In general, lovers of rural blocks should hold onto them tight. Areas zoned 'rural residential', those with lot sizes from one to four hectares, have been labelled inefficient forms of development and new blocks would not be supported.

'They put a big circle around Perth'

High-level frameworks are fine but what does it mean for the councils at the coalface who will have to come up with the finer details?

Shire of Waroona president Mike Walmsley was sceptical of the population projections.

“They just put a big circle around Perth, which happened to include us,” he said.

“I can’t see it happening in the next 30 years but God knows what the future holds.”

Any attempt to create a metropolitan hub in Waroona would probably be met with resistance, he said.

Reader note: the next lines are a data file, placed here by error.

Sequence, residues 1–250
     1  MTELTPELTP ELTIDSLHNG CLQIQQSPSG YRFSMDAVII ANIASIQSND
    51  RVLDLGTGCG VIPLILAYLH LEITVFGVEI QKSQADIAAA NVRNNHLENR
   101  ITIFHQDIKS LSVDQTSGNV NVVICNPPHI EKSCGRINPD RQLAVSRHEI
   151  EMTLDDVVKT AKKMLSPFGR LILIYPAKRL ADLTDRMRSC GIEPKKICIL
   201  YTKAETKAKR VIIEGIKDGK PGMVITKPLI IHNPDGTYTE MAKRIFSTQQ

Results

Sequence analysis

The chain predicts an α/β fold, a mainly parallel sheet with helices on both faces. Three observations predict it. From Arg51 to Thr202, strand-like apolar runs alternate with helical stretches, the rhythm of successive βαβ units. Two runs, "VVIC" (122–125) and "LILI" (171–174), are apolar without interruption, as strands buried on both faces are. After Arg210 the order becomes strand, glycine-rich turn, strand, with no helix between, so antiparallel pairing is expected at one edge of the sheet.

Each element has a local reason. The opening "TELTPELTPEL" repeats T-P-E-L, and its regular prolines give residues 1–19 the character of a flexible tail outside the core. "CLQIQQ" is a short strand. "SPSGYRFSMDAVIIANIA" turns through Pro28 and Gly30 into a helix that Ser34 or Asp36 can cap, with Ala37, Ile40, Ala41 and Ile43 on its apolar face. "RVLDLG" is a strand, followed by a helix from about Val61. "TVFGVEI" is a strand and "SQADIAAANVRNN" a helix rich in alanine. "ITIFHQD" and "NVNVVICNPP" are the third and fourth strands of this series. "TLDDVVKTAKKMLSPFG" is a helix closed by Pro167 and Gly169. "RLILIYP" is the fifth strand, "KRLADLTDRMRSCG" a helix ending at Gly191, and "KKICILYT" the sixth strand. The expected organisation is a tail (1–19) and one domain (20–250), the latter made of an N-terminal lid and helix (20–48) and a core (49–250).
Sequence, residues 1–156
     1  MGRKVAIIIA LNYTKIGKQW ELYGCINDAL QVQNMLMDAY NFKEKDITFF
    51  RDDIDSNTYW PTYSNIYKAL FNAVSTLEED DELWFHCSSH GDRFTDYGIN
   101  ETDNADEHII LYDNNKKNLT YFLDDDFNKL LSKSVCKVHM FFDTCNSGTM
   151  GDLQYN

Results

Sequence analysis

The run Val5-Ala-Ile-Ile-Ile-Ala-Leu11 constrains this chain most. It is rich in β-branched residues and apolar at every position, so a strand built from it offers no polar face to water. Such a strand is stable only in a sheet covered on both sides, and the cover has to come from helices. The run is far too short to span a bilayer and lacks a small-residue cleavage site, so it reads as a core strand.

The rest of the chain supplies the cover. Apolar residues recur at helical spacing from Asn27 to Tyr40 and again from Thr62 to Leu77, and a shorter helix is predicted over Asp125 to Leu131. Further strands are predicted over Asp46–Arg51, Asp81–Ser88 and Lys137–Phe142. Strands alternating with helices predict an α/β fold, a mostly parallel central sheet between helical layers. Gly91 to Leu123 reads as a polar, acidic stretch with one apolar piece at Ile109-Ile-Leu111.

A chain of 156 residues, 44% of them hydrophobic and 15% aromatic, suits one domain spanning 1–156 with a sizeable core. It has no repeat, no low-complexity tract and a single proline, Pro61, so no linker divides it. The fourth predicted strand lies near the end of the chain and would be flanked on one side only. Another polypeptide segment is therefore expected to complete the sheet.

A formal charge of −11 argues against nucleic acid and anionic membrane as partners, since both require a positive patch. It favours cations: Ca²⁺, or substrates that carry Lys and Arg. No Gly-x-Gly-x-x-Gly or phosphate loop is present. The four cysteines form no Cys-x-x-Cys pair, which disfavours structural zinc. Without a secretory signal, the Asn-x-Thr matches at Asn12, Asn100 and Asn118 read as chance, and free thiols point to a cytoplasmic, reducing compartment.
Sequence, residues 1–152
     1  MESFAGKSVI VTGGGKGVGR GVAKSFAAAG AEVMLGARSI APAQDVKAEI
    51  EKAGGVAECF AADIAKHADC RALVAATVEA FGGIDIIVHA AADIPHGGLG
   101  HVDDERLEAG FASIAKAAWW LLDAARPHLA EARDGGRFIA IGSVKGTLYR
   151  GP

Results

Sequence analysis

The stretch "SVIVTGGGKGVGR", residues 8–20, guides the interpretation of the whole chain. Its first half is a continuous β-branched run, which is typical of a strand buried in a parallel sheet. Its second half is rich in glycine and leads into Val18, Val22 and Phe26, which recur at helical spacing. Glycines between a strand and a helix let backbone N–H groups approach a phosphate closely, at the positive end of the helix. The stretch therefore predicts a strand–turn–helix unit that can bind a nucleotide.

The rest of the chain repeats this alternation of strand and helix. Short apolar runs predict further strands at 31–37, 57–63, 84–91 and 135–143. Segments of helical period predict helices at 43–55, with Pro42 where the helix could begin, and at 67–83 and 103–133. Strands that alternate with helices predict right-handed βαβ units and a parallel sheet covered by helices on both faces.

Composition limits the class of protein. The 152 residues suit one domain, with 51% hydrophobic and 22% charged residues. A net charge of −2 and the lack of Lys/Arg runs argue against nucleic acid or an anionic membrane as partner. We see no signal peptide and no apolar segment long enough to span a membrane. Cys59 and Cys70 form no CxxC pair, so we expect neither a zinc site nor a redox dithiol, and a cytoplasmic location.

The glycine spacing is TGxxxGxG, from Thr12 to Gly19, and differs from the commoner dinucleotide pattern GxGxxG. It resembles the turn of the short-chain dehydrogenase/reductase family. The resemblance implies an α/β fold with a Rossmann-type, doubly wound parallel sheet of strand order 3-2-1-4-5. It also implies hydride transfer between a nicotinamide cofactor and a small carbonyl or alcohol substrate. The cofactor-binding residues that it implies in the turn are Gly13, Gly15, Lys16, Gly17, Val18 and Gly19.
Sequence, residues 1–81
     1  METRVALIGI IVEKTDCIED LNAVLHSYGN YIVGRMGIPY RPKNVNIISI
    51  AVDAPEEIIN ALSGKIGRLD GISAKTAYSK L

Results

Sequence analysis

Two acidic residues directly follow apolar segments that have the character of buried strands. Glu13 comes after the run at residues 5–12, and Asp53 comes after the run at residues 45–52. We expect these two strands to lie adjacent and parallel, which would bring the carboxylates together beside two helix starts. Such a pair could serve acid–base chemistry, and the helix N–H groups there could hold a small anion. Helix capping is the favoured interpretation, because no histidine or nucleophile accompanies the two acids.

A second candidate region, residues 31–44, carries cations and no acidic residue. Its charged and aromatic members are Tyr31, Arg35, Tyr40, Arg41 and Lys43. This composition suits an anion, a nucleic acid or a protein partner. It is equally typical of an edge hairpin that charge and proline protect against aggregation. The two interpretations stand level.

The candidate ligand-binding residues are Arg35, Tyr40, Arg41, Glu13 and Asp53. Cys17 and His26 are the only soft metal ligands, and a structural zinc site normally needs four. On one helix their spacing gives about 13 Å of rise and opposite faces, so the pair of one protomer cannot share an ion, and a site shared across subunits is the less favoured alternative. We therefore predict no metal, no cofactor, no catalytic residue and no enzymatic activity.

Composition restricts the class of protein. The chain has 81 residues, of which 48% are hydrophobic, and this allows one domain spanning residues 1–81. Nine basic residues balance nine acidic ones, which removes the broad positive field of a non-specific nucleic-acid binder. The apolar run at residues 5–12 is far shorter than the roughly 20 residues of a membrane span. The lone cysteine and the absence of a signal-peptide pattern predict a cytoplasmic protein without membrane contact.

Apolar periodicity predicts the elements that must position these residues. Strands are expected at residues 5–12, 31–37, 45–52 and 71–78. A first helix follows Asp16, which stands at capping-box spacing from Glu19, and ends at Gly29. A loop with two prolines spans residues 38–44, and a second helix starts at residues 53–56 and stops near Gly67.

Mr Walmsley said Waroona was a rural town and residents didn't want to destroy that character.

“Most people live out here because they like the quiet,” he said.

“We need to protect our beautiful agricultural land because Perth is going to need it to feed itself,” he said.

The Shire of Murray was less surprised.

Shire president David Bolt said regardless of whether their population would actually hit 160,000 his council was planning for higher density.

“We’ve got an activity centre plan that’s before the government for Pinjarra at the moment and we’re waiting for that to be advertised.

Whether you agree with the numbers or not we’re planning for large growth over the next 30 years; we need to do that.

Murray Shire president David Bolt

Why the south is booming

Department of Planning, Lands and Heritage director general Gail McGowan said development would occur south because Perth’s north was extremely constrained.